The data also showed that:

  • the kinds of sports pursued by student athletes mattered. Lacrosse players posted the highest graduation rates, with men's baseball and basketball players posting the lowest rates.
  • female athletes fared better overall than the men, reaching nearly 100 percent graduation rates in skiing, and 94 percent in gymnastics.
  • teams, rather than individual athletes, that posted the lowest graduation rates were men's basketball teams.

If you're a student-athlete preparing for the college transition, remember that financial aid awarded by your college isn't the only aid out there. Consider outside athletic scholarships to supplement your financial aid package, especially if your intended school only awards partial scholarships to athletes.

Going to college doesn't have to break the bank or saddle you with tens of thousands of dollars in student loan debt. Check out the Scholarships.com free college scholarship search where you’ll discover you qualify for hundreds of thousands of dollars in scholarships in just a few minutes, then apply and win! It’s that easy!

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by Scholarships.com Staff

Yesterday, in a joint statement with the leader of China, President Obama announced plans to strengthen the United States' relationship with China through several efforts, including expanding study abroad programs in each country. China currently sends more students than any other country to American colleges and universities, and the President promised yesterday to make an even greater effort to facilitate the enrollment of Chinese students in U.S. schools. Meanwhile, Obama has pledged to greatly expand study abroad in China for American students, from 20,000 currently enrolled, to 100,000, matching the number of Chinese students currently studying here.

Many colleges and universities are trying to boost interest in study abroad, especially among student groups that are significantly less likely to participate. The current administration's emphasis on studying in China could interest more students in exploring the possibilities for studying in other countries, as well as their awareness of the study abroad scholarships and other financial aid that can help.

And for many students attending state colleges in the United States, attending college in another country might be starting to sound good, at least compared to the situation at home. Democrats and Republicans in Congress continue to debate over just what will happen with federal student loans next year, while state budget cuts are continuing to drive up college costs and reduce aid. The most dramatic examples of state cuts are taking place in California and Michigan, the states hardest hit by the recession.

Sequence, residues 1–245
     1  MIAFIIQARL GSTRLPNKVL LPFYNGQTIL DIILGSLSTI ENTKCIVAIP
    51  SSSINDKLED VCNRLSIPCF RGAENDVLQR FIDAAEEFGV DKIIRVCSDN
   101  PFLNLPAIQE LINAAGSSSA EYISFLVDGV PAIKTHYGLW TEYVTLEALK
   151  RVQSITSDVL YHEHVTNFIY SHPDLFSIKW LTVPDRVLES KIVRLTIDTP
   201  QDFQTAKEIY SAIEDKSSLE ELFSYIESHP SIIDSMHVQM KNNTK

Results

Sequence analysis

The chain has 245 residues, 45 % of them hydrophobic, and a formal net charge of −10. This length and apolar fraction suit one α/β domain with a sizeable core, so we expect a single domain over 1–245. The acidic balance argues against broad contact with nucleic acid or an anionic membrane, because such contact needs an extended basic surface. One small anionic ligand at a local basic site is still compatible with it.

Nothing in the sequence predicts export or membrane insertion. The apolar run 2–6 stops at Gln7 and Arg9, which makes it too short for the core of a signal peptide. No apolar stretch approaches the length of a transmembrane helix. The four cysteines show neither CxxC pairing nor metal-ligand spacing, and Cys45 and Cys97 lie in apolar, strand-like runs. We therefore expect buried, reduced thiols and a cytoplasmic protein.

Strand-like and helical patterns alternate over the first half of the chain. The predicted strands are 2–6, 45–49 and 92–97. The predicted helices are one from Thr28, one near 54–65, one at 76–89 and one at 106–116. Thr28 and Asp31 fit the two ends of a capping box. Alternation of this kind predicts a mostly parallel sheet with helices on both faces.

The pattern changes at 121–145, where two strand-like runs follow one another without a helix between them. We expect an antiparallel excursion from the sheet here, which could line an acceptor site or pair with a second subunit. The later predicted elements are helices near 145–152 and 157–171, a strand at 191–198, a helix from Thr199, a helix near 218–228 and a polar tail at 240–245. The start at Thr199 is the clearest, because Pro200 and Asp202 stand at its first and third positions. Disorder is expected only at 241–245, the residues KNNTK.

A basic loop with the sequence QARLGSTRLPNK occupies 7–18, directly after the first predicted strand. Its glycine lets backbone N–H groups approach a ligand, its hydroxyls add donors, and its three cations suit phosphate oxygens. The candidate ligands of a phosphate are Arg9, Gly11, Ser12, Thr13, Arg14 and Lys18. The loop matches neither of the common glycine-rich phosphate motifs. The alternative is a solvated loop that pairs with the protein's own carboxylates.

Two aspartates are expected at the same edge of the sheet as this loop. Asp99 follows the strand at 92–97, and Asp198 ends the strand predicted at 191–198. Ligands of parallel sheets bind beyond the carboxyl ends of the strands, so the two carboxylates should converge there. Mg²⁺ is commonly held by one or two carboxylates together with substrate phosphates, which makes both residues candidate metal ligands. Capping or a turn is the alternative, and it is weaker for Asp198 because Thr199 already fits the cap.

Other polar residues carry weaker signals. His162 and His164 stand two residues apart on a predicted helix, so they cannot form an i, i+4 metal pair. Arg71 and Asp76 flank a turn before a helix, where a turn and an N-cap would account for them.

Students in the University of California system found out that their tuition and fees are likely to increase by 32 percent next year, at the same time colleges are forced to scale back enrollment and financial aid due to a significant drop in state funding. The University of California's Board of Regents approved a fee increase that would raise costs by at least $2,500 by next fall, with students in some graduate and professional programs seeing even sharper fee increases.

Meanwhile, Michigan students are receiving bills from their colleges to the tune of thousands of dollars for the current semester, just as spring registration is under way. The state's Promise Scholarship, modeled after the much-lauded Kalamazoo Promise, was canceled this year due to lack of available funding. Students and schools had already budgeted for receiving the money this fall, and now that it's not available, colleges are billing students who lost their scholarships for the amount of their tuition the scholarship would have covered. Typically, unpaid bills prevent students from registering and graduating, though schools have said they'd do their best to accommodate students, provided the money will be paid.

And remember, there’s no need to rely on expensive student loan options to pay for your college education. For more information on finding free scholarship money for college, conduct a Scholarships.com free college scholarship search today, then apply and win! It’s that easy!

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by Scholarships.com Staff

Although you're probably ready to sit down and enjoy a big Thanksgiving meal, you may be feeling some dread about what you'll be facing once you return to college after that turkey coma. Finals Week Many of you will have been procrastinating up to this point, falling behind on the study skills you honed in your high school AP classes to prepare for this moment. Luckily, it's not too late.

If you're really behind, chances are you may need to pull an all-nighter or two to catch up with your studies. Do it.  Even if you're just a freshman getting used to your first year on campus, you should still focus on making your grades the best they can be. There are still a ton of scholarships out there if you're a sophomore, junior, even a graduate student, so don't assume the loot you won to pay for your first year is out of your reach once you complete your freshman year.

If you're in better shape than I was in college, you haven't fallen too far behind and actually have notes from most of your lectures. Make a list and check it twice of all that you need to do before finishing off the semester. Talk to your professors if things aren't clear before final exam time to feel more prepared and more confident going in to those testing sessions. If you've been fairly responsible up to this point, you probably don't need to be reminded not to cram, but don't catch the procrastination bug now.